United States ZIP codes are postal codes that are used to assist the USPS (United States Postal Service) route mail in a quick and efficient manner. ZIP codes are also commonly referred to as postal codes. The abbreviation ZIP stands for Zone Improvement Plan. The 5 digit format was popularized in 1963, however the additional 4 digits after the dash was later introduced into the system (zip+4 digit code).
These additional digits better assist the United States Postal Service to more accurately group mail documents for delivery. The USPS originally created the ZIP code system, however other shipping services like UPS and FedEx utilize these Zip codes for regulating, calculating, and sorting packages along with precisely monitoring shipping rates.
Within the zip code structure, the first digit of a US ZIP code represents a group of US states. The main purpose of ZIP codes is efficiency for the delivery of US mail. Some codes cover multiple states to ensure mail is routed as well as delivered in an effective manner. The next 3 digits of a ZIP code help determine the mail facility (AKA – sectional center facility or sec center) which is primarily used to sort and process all mail within that particular state. The last 2 digits represent where the mail will be distributed according to the local post offices. Sectional center facilities are never open to the public and sort all mail documents during the night hours.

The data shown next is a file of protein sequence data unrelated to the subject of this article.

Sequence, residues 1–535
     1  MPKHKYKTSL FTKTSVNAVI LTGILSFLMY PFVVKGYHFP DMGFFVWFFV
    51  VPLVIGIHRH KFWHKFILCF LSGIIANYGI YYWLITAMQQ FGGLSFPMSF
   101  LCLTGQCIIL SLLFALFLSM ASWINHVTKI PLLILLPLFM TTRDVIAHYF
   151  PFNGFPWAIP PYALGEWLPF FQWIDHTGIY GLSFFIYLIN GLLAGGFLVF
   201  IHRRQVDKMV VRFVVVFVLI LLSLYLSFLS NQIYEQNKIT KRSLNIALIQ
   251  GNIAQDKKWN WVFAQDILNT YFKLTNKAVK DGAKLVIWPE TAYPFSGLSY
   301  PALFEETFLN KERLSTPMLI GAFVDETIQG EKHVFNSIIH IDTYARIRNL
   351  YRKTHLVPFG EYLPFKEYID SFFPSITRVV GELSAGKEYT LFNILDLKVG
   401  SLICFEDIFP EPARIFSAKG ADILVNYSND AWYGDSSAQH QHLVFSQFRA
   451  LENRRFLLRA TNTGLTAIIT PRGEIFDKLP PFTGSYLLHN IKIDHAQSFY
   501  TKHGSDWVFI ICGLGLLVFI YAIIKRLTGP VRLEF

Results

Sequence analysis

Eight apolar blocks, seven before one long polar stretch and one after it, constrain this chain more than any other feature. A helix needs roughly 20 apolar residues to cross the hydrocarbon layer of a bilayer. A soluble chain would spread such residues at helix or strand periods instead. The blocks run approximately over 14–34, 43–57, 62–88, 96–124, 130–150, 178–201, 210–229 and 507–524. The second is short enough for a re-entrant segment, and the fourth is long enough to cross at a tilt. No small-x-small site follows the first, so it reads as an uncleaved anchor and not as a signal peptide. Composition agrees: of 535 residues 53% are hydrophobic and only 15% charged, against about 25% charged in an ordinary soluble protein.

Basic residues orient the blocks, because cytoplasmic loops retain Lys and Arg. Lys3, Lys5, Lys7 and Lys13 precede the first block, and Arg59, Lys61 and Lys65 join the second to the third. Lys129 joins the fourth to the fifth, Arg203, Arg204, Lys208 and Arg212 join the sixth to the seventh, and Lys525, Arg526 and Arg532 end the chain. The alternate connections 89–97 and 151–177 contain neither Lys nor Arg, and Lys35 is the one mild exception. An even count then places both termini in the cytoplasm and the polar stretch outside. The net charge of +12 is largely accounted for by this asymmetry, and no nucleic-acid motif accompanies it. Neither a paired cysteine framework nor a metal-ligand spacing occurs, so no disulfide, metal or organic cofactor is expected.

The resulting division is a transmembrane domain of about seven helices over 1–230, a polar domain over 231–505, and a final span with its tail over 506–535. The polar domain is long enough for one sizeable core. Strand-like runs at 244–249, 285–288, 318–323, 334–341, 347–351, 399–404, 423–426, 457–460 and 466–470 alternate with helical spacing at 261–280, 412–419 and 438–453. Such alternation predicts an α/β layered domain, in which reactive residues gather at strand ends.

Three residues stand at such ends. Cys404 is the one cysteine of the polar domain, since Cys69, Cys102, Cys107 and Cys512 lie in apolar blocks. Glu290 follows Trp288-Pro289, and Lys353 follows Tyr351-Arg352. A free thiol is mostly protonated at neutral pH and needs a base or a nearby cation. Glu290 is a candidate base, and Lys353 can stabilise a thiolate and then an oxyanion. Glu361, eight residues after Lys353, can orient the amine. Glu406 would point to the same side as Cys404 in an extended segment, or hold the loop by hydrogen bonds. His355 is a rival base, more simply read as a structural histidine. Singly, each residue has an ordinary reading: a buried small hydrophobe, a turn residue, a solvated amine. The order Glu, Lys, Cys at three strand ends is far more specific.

The additional 4 digits after the zip code is never required, but certainly helps aid the postal office with additional mail sorting. These 4 digit numbers, followed by the zip code correspond to high volume receivers, apartment complexes, or city blocks. It’s very common for a PO Box to correspond to a zip code along with these appended 4 digits. This is not a universal rule however, zip codes + 4 digits must be confirmed for each PO Box address.